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Sena Yakut
Sena Yakut

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All You Need To Know About Amazon GuardDuty

Amazon GuardDuty is one of the security services that AWS launches in November of 2017. In this blog, we’ll learn the main points about Amazon GuardDuty. After reading this, you want to use this service if you have not enabled it yet. Let’s start with “What is Amazon GuardDuty?”

What is Amazon GuardDuty?
Amazon GuardDuty is a regional intelligent threat detection service. It detects unusual or unexpected behavior in your AWS environment. It’s not focused on only one AWS service or threat case, it detects all threats based on your AWS environment. Amazon GuardDuty provides automatic security analysis for your potential threats. For data sources for analysis, it uses AWS CloudTrail Event Logs, VPC Flow Logs, and DNS Logs in your AWS account. To provide automatic security analysis, it uses machine learning algorithms. We’ve learned your infrastructure is continuously analyzed and monitored with GuardDuty. Once enabled, Amazon GuardDuty learns about your environment and possible threats with behavioral modeling using machine learning algorithms. It’s also so easy to enable and use, with just one click.
Cyber Threat
Unlike other threat detection services, you do not need to install or deploy any agents/software to your AWS resources. Amazon GuardDuty is a fully AWS service, your resources do not encounter any performance issues.

Features of Amazon GuardDuty

- List Management: You can add trusted and threat IP lists to Amazon GuardDuty. You can add trusted IPs for eliminating false positive findings such as your company network IP list for testing some cases. You can add known malicious IP addresses or networks to your threat IP list for generating and analyzing findings that are coming from them.

- S3 Protection: One of the important storage services is AWS S3. Attackers love to find credentials and config files in publicly accessible buckets. Enabling S3 protection provides monitoring of suspicious access or activities in your AWS S3 buckets. AWS CloudTrail management and S3 data events are used for detection. AWS strongly recommends enabling S3 protection in GuardDuty. In below, you can see an example S3 finding:
GuardDuty AWS S3 Finding

- Kubernetes Protection: Amazon GuardDuty detects suspicious and potential compromises of your AWS EKS. It uses Kubernetes audit logs for monitoring and generating findings. It detects lots of different threat cases such as granted admin privileges, anonymous user access, and invokes from known malicious IP addresses or your threat list.
GuardDuty Kubernetes Protection
- Malware Protection: It’s a new feature that is announced in ReInforce:2022. GuardDuty detects your EC2 instances or container workloads that have been compromised by malware. You do not need to install, update, or maintain any agents to your resources, GuardDuty handles all scans agentless with zero impact on performance.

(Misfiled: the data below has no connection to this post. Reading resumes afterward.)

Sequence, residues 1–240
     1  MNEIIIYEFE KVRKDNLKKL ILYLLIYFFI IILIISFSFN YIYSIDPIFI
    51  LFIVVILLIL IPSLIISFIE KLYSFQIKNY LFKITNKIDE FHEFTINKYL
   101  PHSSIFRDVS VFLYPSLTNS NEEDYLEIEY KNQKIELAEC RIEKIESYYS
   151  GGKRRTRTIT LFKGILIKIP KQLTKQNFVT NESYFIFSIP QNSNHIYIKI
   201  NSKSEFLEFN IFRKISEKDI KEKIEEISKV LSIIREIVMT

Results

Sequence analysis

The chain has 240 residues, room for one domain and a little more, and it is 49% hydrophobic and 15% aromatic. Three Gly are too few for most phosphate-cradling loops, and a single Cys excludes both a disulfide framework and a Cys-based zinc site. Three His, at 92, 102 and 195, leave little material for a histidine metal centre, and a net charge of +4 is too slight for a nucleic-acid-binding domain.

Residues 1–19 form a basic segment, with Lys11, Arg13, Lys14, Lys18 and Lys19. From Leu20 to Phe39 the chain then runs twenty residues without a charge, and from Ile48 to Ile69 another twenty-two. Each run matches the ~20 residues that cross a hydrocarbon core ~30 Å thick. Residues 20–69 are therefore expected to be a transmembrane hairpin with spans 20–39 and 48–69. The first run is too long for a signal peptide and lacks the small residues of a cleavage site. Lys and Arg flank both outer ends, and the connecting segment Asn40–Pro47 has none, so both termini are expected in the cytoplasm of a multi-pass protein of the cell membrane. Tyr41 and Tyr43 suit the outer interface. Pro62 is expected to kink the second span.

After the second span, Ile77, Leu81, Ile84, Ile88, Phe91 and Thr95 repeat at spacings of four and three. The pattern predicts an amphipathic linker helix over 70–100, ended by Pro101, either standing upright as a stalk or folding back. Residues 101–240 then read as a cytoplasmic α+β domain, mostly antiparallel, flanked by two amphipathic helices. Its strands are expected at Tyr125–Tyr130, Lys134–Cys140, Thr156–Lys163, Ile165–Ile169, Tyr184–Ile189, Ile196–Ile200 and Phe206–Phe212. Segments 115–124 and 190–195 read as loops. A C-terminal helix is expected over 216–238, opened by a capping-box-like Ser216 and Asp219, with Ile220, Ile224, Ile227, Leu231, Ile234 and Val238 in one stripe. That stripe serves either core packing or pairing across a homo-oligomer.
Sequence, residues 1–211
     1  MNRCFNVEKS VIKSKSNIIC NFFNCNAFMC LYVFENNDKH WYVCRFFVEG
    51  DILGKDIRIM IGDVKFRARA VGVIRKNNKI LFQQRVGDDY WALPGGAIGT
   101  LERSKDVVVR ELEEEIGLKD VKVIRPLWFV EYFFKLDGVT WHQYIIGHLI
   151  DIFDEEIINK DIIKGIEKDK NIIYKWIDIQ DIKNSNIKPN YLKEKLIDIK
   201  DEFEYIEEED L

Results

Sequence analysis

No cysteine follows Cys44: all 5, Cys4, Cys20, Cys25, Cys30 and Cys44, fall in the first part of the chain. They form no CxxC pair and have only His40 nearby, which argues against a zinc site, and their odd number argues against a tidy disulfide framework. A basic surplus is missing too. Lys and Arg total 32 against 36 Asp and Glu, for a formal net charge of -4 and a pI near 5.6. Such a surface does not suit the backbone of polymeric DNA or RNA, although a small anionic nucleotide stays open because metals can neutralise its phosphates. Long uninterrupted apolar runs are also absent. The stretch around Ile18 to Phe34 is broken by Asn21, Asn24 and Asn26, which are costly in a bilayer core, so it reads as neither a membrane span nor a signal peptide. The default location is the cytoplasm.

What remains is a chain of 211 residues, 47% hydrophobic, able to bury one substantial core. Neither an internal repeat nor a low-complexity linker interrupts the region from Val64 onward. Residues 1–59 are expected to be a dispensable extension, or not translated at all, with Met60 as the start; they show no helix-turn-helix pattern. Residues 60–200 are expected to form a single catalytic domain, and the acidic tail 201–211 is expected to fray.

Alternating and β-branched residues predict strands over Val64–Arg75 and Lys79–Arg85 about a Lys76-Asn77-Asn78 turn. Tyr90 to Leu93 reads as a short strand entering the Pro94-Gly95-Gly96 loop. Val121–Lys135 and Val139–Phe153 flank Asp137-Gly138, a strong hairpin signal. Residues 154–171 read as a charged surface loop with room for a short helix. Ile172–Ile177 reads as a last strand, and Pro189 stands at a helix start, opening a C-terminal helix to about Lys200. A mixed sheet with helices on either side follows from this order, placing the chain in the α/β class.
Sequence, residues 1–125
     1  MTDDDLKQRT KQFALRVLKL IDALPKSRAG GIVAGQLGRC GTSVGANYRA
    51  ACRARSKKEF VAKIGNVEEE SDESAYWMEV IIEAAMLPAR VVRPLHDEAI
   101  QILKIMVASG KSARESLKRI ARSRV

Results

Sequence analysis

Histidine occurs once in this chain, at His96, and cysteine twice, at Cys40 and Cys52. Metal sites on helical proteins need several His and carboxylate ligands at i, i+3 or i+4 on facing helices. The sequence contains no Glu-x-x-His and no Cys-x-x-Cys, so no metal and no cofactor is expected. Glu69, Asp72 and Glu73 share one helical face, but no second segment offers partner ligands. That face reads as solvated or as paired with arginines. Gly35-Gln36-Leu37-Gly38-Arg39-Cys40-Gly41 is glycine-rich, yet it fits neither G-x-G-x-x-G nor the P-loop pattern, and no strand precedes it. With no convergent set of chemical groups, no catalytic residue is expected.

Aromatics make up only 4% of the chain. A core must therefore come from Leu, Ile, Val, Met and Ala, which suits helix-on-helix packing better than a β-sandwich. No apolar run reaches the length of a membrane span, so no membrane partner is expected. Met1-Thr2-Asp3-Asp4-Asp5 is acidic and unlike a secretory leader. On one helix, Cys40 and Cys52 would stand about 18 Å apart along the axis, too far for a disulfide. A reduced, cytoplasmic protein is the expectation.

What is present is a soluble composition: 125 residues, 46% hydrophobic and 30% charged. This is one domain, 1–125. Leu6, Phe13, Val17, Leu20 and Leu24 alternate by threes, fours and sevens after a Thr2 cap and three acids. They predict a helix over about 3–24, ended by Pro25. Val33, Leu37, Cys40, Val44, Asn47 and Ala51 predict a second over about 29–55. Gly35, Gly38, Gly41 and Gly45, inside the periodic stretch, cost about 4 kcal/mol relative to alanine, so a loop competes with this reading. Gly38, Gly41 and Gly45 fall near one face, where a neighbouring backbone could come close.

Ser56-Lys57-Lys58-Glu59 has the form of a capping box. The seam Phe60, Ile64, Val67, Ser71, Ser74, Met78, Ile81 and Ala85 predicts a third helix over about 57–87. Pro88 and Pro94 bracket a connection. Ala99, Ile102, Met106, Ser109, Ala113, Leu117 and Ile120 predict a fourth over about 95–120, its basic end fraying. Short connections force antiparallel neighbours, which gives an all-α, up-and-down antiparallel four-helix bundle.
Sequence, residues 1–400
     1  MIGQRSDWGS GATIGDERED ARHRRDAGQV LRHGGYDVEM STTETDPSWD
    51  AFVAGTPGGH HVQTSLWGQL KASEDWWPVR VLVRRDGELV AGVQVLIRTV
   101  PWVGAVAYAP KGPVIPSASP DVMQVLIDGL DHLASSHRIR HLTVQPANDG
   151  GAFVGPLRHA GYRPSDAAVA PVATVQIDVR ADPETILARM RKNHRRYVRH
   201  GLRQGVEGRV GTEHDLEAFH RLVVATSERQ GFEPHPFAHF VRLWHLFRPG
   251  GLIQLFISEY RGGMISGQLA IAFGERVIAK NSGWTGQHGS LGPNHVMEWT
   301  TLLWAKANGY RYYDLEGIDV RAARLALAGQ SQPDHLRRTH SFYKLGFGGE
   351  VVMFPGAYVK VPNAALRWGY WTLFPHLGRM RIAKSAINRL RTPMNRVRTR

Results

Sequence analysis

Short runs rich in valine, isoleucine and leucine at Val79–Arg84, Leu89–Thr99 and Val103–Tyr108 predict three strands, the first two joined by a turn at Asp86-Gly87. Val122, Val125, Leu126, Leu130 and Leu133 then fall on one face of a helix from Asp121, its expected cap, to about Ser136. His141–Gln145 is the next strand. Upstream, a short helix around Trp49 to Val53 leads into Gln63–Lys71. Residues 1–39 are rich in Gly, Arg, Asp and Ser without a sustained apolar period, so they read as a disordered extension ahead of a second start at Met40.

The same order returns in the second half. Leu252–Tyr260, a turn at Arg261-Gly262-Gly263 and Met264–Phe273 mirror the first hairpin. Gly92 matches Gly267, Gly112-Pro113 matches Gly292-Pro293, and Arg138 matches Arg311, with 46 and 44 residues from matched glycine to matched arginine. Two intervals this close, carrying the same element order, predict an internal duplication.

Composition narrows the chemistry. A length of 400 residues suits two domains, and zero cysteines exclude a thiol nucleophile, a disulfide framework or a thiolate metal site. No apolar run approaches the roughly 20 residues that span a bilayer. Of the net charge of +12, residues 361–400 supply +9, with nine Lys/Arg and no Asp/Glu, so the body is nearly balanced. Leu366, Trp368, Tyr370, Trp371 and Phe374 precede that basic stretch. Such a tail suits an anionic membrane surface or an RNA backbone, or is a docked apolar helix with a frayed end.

Amazon GuardDuty Malware Protection
- Managing Multiple Accounts: If you have more than one AWS account, you want to view all findings in a central place. GuardDuty provides multiple account control from one centralized security account. You need to add your account as a member to the master account. Member accounts should accept the invitation. Master accounts do not disable or suspend GuardDuty that belongs to member accounts. It only has view access.

Managing Multiple Accounts

Understanding the GuardDuty Findings
Let’s analyze an example finding in the following:

Understanding the GuardDuty Findings
We can easily see the details about “PortSweep” threat that is affected our EC2 list with the resource id. GuardDuty provides us an overview of the finding for understanding impact and possible attack scenarios. We also have a severity “HIGH” that indicates the resources is compromised or actively being used for attack purposes. Severity levels helps us prioritize our responses to potential threats. We’ve also resource affected, action, target, and additional information parts about every finding. You can easily write queries to filter your findings using severity, account id, resource type etc. You can find full list here.
Understanding the GuardDuty Findings
Finding Remediations
As you know, GuardDuty does not remediate any finding if you do not implement a custom solution. It is only responsible for analyzing and monitoring your infrastructure. Also, Amazon GuardDuty does not alarm you if you do not have any notification process. You can design and automate remediation actions based on your findings and resources.
For example, let’s assume that we need an automated remediation solution if we get findings about EC2 servers from GuardDuty. From an incident response perspective, if your EC2 servers are under attack, you need to move them to an isolated place (a security group with a no inbound & outbound rule), get a snapshot of them, and send a notification to the security team with a detailed message. We can implement this solution in the following:
Automated remediation Amazon GuardDuty
AWS provides us a free 30-day trial, you can see if Amazon GuardDuty it’s a good fit for you. Believe me, it’s a good fit for lots of infrastructures. The pricing is based on your AWS log data. The more log data GuardDuty analyzes, the more you pay. You can see all price calculations here.

Thanks for reading! Stay safe in the cloud! ☁️☁️

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